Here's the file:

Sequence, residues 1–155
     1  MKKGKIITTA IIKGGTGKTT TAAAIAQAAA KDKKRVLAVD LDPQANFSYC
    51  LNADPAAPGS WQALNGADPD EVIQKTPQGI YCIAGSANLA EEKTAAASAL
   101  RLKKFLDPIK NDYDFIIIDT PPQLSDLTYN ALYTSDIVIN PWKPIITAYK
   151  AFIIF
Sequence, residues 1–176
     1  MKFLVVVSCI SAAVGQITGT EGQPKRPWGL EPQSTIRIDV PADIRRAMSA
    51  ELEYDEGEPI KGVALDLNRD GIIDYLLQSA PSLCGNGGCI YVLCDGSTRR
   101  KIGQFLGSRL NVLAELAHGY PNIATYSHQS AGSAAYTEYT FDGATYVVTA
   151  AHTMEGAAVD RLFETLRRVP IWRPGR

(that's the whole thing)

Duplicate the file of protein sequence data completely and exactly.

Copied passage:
Sequence, residues 1–155
     1  MKKGKIITTA IIKGGTGKTT TAAAIAQAAA KDKKRVLAVD LDPQANFSYC
    51  LNADPAAPGS WQALNGADPD EVIQKTPQGI YCIAGSANLA EEKTAAASAL
   101  RLKKFLDPIK NDYDFIIIDT PPQLSDLTYN ALYTSDIVIN PWKPIITAYK
   151  AFIIF
Sequence, residues 1–176
     1  MKFLVVVSCI SAAVGQITGT EGQPKRPWGL EPQSTIRIDV PADIRRAMSA
    51  ELEYDEGEPI KGVALDLNRD GIIDYLLQSA PSLCGNGGCI YVLCDGSTRR
   101  KIGQFLGSRL NVLAELAHGY PNIATYSHQS AGSAAYTEYT FDGATYVVTA
   151  AHTMEGAAVD RLFETLRRVP IWRPGR